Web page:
Waiting Time in Emergency Department in Riyadh 2017


Aim: To investigate the waiting times in the emergency department of both private and public hospitals. Methods: The study employs theoretical, qualitative, and quantitative approaches to come up with conclusions that are reliable. A total of 473 participants who had a direct interaction with the emergency department were asked to provide data on the waiting time, the kind of hospital they went to, the symptoms they had, and their gender for evaluation purposes. Common symptoms identified to the patients visiting the emergency department are related to head and neck, chest, abdominal pains, genitals, limbs, and back. It was found that more patients visited public hospitals over private hospitals. Additionally, more patients had symptoms related to abdominal than any other of the common symptoms and more males than females participated in the research. Data recording is done in tables using MS Excel and data presented through analysis using bar graphs for comparative purposes. Conclusion: Based on the results of the research, it was concluded that the efficiency of the emergency department is below the recommended standards. Finally, the recommendations made from the research findings included an audit of the emergency departments, increasing the staff in the department, and more research should be conducted throughout the country to come up with a more reliable record that is more inclusive.

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Villanueva, C. , Almadani, M. , Mahnashi, F. , Alyhya, S. and Alshreef, O. (2017) Waiting Time in Emergency Department in Riyadh 2017. Journal of Biosciences and Medicines, 5, 55-60. doi: 10.4236/jbm.2017.53006.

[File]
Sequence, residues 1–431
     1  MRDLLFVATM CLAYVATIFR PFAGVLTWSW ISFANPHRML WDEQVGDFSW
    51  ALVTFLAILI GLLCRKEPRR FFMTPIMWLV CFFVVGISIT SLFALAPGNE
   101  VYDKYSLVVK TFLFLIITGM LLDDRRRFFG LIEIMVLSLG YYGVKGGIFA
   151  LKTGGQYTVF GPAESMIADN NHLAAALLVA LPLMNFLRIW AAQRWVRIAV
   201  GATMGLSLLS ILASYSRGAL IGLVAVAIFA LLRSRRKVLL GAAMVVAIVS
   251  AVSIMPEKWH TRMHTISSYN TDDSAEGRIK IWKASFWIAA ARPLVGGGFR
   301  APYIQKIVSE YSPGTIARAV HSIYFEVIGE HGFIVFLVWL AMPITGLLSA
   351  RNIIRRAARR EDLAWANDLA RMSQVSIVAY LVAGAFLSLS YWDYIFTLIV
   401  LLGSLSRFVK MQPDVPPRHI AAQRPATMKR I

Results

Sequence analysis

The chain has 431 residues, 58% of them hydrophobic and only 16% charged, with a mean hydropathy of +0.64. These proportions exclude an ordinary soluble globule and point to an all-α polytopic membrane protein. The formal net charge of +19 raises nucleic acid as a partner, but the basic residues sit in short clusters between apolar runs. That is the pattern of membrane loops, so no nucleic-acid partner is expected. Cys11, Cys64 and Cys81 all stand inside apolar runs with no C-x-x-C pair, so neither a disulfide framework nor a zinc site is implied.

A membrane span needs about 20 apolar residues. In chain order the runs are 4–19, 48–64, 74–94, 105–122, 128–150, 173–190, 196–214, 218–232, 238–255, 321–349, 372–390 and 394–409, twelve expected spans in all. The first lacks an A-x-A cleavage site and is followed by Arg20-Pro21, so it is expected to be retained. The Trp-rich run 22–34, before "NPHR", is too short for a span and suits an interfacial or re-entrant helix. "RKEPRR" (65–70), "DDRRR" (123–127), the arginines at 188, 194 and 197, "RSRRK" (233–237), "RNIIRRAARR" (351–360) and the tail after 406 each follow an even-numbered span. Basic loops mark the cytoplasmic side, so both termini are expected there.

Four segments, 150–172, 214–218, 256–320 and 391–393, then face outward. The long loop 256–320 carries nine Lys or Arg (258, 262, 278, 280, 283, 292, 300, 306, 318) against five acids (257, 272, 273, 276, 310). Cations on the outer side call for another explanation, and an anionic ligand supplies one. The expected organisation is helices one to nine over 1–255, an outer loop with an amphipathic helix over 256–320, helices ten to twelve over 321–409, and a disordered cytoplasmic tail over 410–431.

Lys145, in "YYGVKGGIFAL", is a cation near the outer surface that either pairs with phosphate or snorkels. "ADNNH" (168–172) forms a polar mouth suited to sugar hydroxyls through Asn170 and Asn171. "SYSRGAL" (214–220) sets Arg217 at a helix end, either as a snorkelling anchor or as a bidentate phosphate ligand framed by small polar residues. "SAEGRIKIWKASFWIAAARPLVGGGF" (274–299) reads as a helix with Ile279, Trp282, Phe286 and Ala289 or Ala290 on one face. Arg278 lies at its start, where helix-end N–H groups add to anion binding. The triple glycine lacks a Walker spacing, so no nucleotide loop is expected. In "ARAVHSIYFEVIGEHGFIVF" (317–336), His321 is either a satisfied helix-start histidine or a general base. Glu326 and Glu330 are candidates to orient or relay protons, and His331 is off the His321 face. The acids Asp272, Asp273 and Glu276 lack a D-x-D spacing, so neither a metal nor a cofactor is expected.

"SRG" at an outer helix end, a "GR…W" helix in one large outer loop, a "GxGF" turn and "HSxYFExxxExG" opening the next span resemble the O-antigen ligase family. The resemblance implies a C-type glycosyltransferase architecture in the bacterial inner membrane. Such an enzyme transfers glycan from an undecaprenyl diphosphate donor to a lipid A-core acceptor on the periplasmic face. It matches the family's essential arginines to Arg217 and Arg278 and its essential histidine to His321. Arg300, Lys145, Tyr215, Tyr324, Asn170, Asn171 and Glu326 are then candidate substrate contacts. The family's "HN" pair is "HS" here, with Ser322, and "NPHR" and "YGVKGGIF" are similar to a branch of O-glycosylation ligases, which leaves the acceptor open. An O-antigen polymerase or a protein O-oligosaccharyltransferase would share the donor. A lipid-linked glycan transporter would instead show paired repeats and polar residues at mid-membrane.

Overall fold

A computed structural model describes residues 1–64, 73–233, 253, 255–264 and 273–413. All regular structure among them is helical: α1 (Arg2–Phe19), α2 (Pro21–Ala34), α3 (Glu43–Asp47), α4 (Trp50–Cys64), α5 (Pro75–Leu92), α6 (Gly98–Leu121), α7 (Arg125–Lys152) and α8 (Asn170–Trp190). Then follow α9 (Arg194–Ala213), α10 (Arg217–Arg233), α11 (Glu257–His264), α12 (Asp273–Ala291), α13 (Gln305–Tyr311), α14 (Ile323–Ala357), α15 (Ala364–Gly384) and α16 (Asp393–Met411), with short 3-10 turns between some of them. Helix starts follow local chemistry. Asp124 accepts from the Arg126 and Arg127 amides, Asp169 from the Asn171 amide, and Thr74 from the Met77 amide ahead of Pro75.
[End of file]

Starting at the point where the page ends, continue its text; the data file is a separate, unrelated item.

1. Introduction

In the course of execution of medical attention to a patient, time is of the essence if one is to save a life as argued by Hamilon [1] . In an emergency department, there should be aminimum amount of time spent receiving the patient to the time medication is administered. In this research, we seek to investigate the waiting time in the emergency department so that necessary recommendations can be proposed to improve the efficiency of the system. The research covers both genders of male and female representatives that were randomly selected and predetermined questions asked to them to collect data on their emergency experience. Another reason that also makes this research important is to establish efficient methods of receiving patients coming to the emergency department to reduce the waiting time and improve the urgency in which the department handles the patients [2] .